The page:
Forefoot amputation with limb revascularization: the effects of amputation, timing, and wound closure on the peripheral vascular bypass graft site.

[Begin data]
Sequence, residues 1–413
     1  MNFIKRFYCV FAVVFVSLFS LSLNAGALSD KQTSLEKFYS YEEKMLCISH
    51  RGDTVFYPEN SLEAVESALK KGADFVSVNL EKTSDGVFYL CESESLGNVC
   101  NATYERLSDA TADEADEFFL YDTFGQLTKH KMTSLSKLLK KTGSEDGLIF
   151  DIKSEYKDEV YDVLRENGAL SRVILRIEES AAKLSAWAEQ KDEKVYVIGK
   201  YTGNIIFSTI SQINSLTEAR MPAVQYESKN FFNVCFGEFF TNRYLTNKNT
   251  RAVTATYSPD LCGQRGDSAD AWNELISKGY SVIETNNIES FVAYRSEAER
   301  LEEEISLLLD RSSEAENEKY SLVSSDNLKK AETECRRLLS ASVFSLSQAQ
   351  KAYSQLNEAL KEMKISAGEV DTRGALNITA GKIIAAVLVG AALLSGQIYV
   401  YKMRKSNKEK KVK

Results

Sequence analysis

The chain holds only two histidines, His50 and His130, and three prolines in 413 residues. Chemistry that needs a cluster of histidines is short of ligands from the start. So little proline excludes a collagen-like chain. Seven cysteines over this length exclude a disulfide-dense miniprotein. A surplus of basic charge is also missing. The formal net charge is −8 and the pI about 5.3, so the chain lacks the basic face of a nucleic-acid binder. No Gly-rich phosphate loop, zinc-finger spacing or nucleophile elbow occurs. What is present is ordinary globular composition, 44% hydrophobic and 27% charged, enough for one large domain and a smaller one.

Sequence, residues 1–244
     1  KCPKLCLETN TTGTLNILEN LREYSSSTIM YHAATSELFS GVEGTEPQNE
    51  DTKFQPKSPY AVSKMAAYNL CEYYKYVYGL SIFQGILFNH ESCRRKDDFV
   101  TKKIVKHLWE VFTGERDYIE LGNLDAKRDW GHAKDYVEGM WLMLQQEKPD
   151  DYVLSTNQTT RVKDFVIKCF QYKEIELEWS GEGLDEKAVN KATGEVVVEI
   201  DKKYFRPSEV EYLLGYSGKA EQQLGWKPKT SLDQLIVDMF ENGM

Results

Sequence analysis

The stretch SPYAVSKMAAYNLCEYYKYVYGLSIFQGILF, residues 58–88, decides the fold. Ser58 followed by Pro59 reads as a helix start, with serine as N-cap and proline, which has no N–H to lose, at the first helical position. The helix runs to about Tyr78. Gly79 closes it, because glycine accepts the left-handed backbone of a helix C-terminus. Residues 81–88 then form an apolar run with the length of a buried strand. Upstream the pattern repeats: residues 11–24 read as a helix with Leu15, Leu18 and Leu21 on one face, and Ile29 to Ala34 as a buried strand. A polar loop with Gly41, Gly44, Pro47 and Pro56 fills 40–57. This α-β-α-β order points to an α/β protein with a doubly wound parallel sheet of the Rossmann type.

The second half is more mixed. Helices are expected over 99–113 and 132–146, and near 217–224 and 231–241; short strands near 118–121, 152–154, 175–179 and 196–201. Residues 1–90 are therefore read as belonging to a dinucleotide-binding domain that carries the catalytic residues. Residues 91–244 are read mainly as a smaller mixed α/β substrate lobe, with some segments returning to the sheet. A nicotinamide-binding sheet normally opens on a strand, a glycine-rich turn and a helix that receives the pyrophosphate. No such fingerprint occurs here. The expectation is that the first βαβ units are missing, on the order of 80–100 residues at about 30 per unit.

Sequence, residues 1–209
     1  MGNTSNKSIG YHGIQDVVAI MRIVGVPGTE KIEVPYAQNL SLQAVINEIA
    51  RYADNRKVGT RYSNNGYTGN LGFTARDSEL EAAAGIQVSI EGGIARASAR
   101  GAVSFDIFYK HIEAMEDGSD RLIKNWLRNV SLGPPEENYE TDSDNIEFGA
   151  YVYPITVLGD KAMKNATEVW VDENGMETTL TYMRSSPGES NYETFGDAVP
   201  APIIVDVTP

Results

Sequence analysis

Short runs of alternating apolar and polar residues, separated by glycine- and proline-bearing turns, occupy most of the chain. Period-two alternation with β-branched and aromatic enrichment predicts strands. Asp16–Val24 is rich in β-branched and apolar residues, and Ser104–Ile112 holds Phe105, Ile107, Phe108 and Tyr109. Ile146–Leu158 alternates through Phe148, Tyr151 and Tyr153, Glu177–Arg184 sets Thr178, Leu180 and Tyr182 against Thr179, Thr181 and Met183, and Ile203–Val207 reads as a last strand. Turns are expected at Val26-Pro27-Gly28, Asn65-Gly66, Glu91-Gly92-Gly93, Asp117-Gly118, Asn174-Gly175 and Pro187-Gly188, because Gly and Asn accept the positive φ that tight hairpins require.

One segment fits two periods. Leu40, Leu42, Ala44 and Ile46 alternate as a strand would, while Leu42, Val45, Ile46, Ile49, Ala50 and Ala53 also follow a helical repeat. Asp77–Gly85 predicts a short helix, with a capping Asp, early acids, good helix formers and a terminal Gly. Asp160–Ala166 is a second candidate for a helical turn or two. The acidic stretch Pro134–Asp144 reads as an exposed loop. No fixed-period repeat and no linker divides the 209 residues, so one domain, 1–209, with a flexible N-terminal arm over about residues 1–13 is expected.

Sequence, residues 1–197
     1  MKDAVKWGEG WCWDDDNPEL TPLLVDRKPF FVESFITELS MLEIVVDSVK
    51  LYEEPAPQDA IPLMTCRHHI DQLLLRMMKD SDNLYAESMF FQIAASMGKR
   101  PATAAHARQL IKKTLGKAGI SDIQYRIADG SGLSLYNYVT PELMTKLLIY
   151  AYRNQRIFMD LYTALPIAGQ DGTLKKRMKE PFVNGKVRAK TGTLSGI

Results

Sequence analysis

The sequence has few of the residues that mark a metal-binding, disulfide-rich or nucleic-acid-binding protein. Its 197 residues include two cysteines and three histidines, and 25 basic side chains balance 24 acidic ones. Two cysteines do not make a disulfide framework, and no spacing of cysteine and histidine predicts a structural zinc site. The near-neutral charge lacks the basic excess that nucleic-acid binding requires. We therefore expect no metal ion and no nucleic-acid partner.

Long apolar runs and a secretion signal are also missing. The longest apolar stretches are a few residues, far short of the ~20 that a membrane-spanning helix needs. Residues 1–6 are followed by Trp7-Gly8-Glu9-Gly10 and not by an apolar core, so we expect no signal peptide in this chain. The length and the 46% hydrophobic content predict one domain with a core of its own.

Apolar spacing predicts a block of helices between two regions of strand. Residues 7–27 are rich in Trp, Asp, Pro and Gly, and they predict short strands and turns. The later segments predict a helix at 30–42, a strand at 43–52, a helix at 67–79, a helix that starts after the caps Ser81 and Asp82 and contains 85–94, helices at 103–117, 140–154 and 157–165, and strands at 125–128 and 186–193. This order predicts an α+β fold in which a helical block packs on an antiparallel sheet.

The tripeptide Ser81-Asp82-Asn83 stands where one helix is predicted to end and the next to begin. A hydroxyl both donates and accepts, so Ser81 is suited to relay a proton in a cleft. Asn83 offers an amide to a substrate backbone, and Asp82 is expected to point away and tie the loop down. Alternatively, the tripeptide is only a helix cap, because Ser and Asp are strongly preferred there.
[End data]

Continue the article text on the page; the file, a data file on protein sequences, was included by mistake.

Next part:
BACKGROUND: Much has been written about the effects of successful arterial bypass on forefoot surgery for ulceration and gangrene. This study examined the effects of the amputation site and timing on the arterial bypass graft site. METHODS: We reviewed the records of all patients who had successful vascular bypass graft surgery and amputation at our institution, between October, 1995 and May, 2002. Thirty-eight procedures in 35 patients fit the criteria and were included in the study. RESULTS: Thirty-five patients had successful vascular bypass graft surgery and forefoot amputation for gangrene or nonhealing ulceration. Three of these patients developed gangrene on the contralateral side and received similar treatment for that side. All of the wounds eventually healed. Healing time, rate of graft infection, and rate of wound dehiscence did not differ noticeably between patients with amputation immediately after arterial bypass and patients with amputation one or more days after arterial bypass. Infection at the bypass site occurred in two patients; their amputation sites were closed primarily. Wound dehiscence developed at the bypass site in one patient whose amputation site was closed by secondary intention. Although not statistically significant, the median healing time in patients treated with primary closure (37 days) was less than that in patients treated with closure by secondary intention (61 days; p = 0.09), and rates of graft infection and wound dehiscence did not differ between these two groups of patients. CONCLUSIONS: Amputation site wound closure may adversely affect the bypass graft, but results were not statistically significant. Treatment requires a closely coordinated team approach between the vascular surgeon and the orthopedic surgeon.
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